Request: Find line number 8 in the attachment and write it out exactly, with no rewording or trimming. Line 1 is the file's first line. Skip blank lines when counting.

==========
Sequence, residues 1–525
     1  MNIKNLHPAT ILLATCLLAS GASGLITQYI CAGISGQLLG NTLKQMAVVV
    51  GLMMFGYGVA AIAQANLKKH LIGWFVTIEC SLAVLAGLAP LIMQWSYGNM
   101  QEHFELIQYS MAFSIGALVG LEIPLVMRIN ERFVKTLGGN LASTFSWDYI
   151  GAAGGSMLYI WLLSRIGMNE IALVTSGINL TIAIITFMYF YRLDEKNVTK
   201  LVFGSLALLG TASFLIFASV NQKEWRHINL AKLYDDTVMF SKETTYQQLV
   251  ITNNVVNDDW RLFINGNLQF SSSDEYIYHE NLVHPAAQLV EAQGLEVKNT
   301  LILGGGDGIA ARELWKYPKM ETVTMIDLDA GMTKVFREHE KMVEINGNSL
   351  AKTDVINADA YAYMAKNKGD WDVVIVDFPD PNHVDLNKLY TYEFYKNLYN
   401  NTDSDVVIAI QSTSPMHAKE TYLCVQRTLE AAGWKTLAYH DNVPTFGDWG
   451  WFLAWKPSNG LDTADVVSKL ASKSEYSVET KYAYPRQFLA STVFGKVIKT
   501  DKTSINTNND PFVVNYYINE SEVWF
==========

   301  LILGGGDGIA ARELWKYPKM ETVTMIDLDA GMTKVFREHE KMVEINGNSL